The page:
When a 27-year-old Michael Lewis put his head down to write “Liar’s Poker” — the book that ultimately put him on best-selling lists and launched his dazzling writing career — never did he expect it to become required reading on Wall Street.
In fact, he had a different book in mind. The book he initially sold was about the history of Wall Street that ended with his job as a bond salesman at Salomon Brothers, which, in his words, was a little dry. As Lewis started putting his own experience into words, describing hustling on the trading floor in the midst of reckless, dog-eat-dog and frat-boy culture in the late 1980s, he was having so much fun writing it that he knew he had to scrap his original book proposal.
“Liar’s Poker” took the world by storm, but it did have some unintended consequences. Lewis had thought, if anything, the book would discourage the money-minded college generation from working on Wall Street, but it did the opposite. It accidentally served as a career blueprint for business majors and a moral guide of the big money machine.
Lewis said “Liar’s Poker” is still being read more than 30 years later because it was one of the last books to capture an uncensored and unfiltered Wall Street before publicity became a thing.
On Tuesday, Lewis released a new audio edition of “Liar’s Poker,” narrated by himself, as well as a five-episode companion podcast “Other People’s Money.” I talked to Lewis about how Wall Street has — and hasn’t— changed since the original release of the book and why in some ways it’s even worse today.
(The below has been edited for length and clarity.)
Yun Li: Can you talk about your experience writing “Liar’s Poker” and the unexpected feedback?
Michael Lewis: It was just fun to write. It was fun to revisit it all and it was funny on the page. I thought I was writing something that if anything would dissuade a young person from going to Wall Street, but I think it sounded like so much fun, it had the opposite effect. Like any ambition I had with the book having some effect in the world, it wasn’t like “I’m going to bring down Wall Street” — I didn’t even want to. I had almost an neutral feeling about Wall Street. I thought it was not an immoral place but an amoral place. Moral just didn’t matter.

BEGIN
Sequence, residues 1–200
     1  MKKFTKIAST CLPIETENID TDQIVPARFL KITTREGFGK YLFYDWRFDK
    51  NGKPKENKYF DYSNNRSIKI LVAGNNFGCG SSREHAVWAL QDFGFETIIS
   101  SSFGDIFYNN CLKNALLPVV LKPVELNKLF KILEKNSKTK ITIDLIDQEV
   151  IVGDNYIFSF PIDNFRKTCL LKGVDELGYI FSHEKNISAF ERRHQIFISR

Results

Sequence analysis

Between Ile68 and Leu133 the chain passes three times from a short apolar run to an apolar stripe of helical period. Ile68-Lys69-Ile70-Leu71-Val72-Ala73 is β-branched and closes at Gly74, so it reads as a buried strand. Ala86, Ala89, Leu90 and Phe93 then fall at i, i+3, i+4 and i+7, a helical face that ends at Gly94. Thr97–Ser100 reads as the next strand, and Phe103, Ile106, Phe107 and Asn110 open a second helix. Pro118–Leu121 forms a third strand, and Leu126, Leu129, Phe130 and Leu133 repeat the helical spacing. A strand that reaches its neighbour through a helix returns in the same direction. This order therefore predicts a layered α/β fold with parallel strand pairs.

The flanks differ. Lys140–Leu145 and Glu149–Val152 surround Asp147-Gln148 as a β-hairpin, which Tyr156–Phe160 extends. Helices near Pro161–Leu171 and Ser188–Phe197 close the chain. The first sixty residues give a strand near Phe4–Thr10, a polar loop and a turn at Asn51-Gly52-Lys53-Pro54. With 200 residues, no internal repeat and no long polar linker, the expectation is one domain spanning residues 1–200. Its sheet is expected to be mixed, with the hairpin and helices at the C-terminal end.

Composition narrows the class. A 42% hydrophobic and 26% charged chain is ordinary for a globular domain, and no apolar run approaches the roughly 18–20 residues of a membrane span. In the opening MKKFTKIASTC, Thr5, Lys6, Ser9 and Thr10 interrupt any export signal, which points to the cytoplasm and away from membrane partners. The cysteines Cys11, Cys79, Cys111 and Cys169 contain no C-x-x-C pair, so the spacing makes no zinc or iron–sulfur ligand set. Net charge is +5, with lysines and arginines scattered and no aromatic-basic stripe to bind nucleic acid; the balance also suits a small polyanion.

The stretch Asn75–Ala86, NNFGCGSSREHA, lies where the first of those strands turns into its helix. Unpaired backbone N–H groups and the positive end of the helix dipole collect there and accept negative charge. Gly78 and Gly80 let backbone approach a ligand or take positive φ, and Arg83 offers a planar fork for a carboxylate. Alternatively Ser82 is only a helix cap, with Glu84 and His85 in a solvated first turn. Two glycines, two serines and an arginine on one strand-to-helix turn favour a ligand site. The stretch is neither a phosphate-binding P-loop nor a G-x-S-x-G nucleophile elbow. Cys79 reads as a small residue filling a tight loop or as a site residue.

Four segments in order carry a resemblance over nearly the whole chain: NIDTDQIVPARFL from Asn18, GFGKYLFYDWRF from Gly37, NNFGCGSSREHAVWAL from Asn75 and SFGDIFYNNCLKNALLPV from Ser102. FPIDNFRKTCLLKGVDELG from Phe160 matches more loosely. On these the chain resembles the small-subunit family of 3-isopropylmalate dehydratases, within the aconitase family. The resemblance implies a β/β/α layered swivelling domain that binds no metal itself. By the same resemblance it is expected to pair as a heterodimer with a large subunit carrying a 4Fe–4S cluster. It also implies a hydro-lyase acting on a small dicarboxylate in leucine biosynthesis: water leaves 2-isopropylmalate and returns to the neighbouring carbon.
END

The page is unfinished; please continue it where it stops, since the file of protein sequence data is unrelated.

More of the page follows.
It really bothered me to see this first wave of young people coming out of college feel like they had to go to Wall Street or Wall Street was the very best thing they could do with their lives because the pay was so incredible. For the kind of kid that went to Harvard, Princeton and Yale, Goldman, Morgan Stanley and Salomon Brothers became the next step. And it was insane I thought. You have all these young people who often have very idealistic, passionate, smart and all kinds of possible futures ahead of them and the ability to have all kinds of positive effects on the world, just being sucked into this machine. I thought if I write this book, the 19-year-old me would read it and say, “Aha! now I see what all this is. Yeah you can make money, but it’s kind of silly and I’m going to do what I’m going to do.” In some cases that happened. But overwhelmingly, it found its way into the hands of the 19-year-old me who had no idea what they wanted to do with their lives and this seemed like, “Oh my God, I can not only get rich but be in the middle of this really funny place and it’s exciting to go to work.” It had that effect. It taught me something. When you generate any kind of piece of writing or journalism, you never know how people are going to read it. You may think you wrote one thing, but they read another.
Li: 30 something years later, finance jobs are still some of the most desired in the world. Young people are still drawn to the money, and money is a proxy for success for so many.
Lewis: Something has changed a little bit. I’m watching this now as a parent. One of the things is much more of this knowingness of what Wall Street is. They don’t need “Liar’s Poker” anymore. There is not an illusion that this is like a change-the-world kind of occupation. They know that. The second thing is Wall Street changed in that it doesn’t want the young me anymore. It doesn’t want the liberal arts person who didn’t know what he wanted to do for a career but just happened to have a gift of gab. It’s become so much more techy. It’s competing with the same young kids that Silicon Valley has been competing for and that wasn’t true when I was graduating college. It’s gotten some competition from a different space that’s real.